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Chadwick Explains Rule Shifts on Called Strikes, Deliberate Flubs Afield
|Tags||Post-Knickerbocker Rule ChangesPost-Knickerbocker Rule Changes|
|City/State/Country:||NYC, NY, United States|
|Game||Base BallBase Ball|
|Immediacy of Report||Contemporary|
|Age of Players||AdultAdult|
[Two of nine newly proposed rules after the 1870 season:]
"Sec. 4. The striker shall be privileged to call for either a 'high' or 'low' ball. . . . The ball shall be considered a high ball if pitched between the height of waist and the shoulder of the striker; and it shall be considered a low ball if pitched between the knee and he waist. . . ."
"Sec 9. The the bal be even momentarily held by a player while in the act of catching it, and he wilfully [sic] drops it in order to make a double play, if should be regarded as a fair catch."
New York Clipper, November 26, 1870 (attributed to Henry Chadwick.)
"The bit [#4] about high and low balls is an important refinement of an old idea. Called strikes had been around for a while by this time, but there was never total clarity about what was and was not a pitch that should be called a strike. Through the 1860s the batter could request a specific height for the pitch. If the delivery was both over the plate and within some vaguely defined distance to the specified height, there you go. In [early] 1870 they went complete the other direction, taking away the batter's right to request a height and declaring any pitch within some vaguely defined reach of the bat to be a good ball. This proved unsatisfactory and confusing. Here we see a move to a modernish definition of a strike zone, but with a throwback to the old right to request the height. This is codified as two distinct strike zones, the batter requesting which he wants. This may seem bizarre, but it stood until 1887.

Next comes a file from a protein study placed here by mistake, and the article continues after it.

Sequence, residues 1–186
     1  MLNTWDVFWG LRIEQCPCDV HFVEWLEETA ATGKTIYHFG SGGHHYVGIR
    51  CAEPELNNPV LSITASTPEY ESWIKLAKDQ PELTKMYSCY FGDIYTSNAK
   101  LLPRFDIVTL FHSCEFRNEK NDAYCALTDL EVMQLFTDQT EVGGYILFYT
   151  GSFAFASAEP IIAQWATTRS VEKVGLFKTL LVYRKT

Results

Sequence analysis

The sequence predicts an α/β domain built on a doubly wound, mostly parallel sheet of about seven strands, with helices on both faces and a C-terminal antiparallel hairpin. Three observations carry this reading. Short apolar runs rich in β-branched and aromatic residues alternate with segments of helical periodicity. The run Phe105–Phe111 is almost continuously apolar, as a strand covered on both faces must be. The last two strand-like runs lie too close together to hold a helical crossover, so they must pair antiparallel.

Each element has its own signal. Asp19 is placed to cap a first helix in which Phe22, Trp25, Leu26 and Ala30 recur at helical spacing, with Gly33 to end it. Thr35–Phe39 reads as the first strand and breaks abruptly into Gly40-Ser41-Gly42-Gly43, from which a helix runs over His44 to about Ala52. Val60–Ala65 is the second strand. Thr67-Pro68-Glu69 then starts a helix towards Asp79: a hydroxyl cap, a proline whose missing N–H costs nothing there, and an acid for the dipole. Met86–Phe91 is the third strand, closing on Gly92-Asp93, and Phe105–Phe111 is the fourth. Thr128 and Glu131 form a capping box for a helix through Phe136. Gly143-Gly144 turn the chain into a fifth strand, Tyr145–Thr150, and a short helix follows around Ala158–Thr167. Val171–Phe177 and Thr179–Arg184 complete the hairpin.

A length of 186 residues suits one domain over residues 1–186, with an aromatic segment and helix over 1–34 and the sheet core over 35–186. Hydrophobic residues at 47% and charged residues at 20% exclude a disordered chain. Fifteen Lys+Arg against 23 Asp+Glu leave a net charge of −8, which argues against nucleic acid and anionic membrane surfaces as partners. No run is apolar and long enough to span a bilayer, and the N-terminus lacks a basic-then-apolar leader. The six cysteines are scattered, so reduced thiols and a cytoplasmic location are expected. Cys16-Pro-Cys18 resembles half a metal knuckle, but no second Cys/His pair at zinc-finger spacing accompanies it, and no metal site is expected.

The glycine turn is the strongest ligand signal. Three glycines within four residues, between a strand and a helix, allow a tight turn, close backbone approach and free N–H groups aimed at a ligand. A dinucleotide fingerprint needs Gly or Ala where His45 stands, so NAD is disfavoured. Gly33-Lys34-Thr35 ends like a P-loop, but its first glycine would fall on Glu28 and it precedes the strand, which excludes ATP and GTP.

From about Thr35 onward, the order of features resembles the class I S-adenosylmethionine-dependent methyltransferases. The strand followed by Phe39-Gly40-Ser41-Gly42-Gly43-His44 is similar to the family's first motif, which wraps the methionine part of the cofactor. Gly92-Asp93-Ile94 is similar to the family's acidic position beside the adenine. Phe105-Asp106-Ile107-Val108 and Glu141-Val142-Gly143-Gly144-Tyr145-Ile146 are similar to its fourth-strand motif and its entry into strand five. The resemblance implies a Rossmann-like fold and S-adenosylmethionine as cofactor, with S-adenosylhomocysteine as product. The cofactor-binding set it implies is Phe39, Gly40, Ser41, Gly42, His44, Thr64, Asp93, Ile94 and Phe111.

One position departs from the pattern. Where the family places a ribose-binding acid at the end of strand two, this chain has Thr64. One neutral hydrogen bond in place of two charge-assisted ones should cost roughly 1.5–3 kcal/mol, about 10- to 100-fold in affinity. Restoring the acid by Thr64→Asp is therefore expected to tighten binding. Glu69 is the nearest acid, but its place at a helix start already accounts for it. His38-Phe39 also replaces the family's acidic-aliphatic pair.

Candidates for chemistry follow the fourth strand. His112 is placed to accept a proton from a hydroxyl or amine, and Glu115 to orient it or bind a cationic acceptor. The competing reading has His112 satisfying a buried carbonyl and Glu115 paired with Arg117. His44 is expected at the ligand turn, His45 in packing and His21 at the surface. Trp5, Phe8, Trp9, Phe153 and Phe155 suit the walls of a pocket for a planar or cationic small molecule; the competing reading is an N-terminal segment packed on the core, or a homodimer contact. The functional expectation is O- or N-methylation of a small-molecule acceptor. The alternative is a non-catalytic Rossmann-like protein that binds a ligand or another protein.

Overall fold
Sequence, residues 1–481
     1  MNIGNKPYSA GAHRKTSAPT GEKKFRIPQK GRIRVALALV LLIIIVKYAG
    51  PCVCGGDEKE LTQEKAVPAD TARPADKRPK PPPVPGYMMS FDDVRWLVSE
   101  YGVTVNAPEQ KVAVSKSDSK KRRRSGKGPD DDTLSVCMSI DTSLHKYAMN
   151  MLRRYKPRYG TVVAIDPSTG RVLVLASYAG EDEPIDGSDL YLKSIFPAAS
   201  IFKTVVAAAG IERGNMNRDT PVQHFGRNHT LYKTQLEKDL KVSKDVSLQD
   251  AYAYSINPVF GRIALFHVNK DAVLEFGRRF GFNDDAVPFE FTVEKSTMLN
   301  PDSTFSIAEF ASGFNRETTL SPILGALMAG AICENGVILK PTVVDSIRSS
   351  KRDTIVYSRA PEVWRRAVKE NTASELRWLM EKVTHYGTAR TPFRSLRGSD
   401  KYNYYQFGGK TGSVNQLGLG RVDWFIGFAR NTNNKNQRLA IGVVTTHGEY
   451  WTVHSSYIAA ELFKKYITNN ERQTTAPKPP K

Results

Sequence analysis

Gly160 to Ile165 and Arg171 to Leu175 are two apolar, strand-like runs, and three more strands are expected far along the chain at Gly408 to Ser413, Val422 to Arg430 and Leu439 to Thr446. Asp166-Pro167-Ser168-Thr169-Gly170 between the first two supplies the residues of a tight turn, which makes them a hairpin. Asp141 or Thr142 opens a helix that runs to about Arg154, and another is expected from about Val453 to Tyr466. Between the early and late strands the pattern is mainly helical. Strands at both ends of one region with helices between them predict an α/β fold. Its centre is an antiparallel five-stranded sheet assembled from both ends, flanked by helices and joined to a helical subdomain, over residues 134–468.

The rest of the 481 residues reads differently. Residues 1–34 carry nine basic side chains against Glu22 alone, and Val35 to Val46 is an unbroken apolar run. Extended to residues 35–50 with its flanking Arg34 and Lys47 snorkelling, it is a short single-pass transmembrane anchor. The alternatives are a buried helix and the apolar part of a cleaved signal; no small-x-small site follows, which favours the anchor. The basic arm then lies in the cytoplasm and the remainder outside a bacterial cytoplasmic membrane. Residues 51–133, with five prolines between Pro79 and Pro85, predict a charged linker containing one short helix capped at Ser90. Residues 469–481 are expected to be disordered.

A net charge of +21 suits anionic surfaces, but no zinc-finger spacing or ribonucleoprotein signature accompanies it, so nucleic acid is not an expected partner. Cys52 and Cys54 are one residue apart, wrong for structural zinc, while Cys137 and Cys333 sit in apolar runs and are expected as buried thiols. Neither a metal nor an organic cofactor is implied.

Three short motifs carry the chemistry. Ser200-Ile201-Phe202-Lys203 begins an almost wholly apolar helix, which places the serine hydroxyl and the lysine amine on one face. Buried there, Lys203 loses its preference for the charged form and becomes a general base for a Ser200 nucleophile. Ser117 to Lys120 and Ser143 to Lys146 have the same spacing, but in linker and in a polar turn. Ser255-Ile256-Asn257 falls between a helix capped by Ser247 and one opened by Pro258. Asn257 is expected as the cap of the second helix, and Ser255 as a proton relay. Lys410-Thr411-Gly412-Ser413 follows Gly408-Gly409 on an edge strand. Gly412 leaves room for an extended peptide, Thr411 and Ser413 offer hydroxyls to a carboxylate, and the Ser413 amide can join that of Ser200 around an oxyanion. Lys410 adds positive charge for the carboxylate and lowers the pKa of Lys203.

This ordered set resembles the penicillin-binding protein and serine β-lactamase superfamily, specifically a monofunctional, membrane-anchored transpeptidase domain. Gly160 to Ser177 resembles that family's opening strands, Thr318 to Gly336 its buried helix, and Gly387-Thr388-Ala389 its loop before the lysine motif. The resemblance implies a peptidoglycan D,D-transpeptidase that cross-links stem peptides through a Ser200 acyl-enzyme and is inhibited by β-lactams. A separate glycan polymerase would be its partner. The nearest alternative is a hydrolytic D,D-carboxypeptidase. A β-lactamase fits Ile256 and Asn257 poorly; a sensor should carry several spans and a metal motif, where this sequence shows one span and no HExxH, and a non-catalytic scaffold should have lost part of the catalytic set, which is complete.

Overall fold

"The other interesting proposal is that last one [#9], about the fielder momentarily holding the ball. This is a proto-infield fly rule. That will not take its modern form until a quarter century later, but the idea was floating around. This will not be adopted this year, but it will be a few years later. The problem was not any philosophical objection to the infielder dropping the ball to set up a double play, but that this made umpire decide whether the fielder caught the ball (putting the batter out) and then dropped it, or muffed the ball (for no out on the batter), leading to endless bickering. This objection still stands today, and is the best argument for the infield fly rule."
-- Richard Hershberger, "150 Years Ago Today," Facebook posting, 11/26/2020
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|Submitted by||Richard Hershberger|
|Submission Note||FB Posting, 11/26/2020|
|Has Supplemental Text|
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